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In the book Introduction to Automata Theory there is a question 9.3.4 that asks if a question "whether a language L(M) is infinite" is RE or non-RE? I've seen the answer, that its non-RE, however I tried a reduction from a Universal Turing machine language(which is RE) and it also seemed to work. Since a language can't be both RE and non- RE, there is a mistake and I can't figure out where. Please help!

My reduction from Lu (univeral TM) to Lm (infinite language TM): The input to Lu is (M,w). Build a new TM M' with an input x as follows, let it simulate a string w on M and if it accepts, then M' goes to states where it accepts a language 0^n, n>1, and accept its input x. If M rejects w or doesn't halt, then M' never accepts its input x. Then take the description of this machine M' and feed it into Lm. Therefore, if M accepts w, M' accepts an infinite language and Lm accepts it. If M doesnt accept w, then M' only accepts ∅ language, which is finite, hence Lm rejects.

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    $\begingroup$ Reducing A to B shows that B, in an appropriate sense, captures all the complexity of A. So your reduction shows that solving the infinite-language problem is at least as hard as simulating a Turing machine. But that's not what you need to prove to show that a problem is RE. You need to reduce Lm to Lu, which shows that the infinite-language problem can be appropriately captured by a universal Turing machine. $\endgroup$ – Yonatan N Sep 6 '19 at 8:40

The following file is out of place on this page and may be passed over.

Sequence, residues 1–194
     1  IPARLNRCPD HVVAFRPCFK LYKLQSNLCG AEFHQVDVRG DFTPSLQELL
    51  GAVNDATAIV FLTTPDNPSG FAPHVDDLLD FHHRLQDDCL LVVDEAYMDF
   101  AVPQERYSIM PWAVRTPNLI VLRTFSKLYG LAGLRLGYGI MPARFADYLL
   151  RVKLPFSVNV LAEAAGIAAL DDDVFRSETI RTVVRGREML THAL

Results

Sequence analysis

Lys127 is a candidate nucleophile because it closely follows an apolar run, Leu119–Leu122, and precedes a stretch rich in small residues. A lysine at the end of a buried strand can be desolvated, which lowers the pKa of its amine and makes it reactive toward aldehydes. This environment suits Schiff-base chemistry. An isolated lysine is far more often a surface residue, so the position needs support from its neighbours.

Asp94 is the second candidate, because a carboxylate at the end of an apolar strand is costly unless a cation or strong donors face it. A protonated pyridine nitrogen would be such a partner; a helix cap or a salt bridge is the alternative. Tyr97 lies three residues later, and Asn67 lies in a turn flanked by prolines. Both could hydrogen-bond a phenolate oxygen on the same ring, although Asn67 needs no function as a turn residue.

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Your reduction actually shows that $L_m$ is not co-RE. Indeed, if $L_m$ were co-RE, then your reduction shows that $L_u$ is also co-RE. However, $L_u$ is known to be RE but not recursive, hence cannot be co-RE.

Similarly, you can show that $L_m$ is not RE, by reduction from the complement of the halting problem: given an instance $(M,w)$ of $L_u$, create a new machine $M'$ which on input $n$ simulates $M$ on $w$ for $n$ steps. If $M$ halts, $M'$ gets into an infinite loop, and otherwise it halts. You can check that $M$ halts on $w$ iff $L(M')$ is finite.

The language $L_m$, usually known as INF, is actually one of the canonical examples of $\Pi_2$-complete languages, making it harder than the halting problem.


Your title suggests that you believe that RE languages cannot be reduced to non-RE languages. But in fact, every recursive language can be reduced to every non-RE language. I'll let you work this out.

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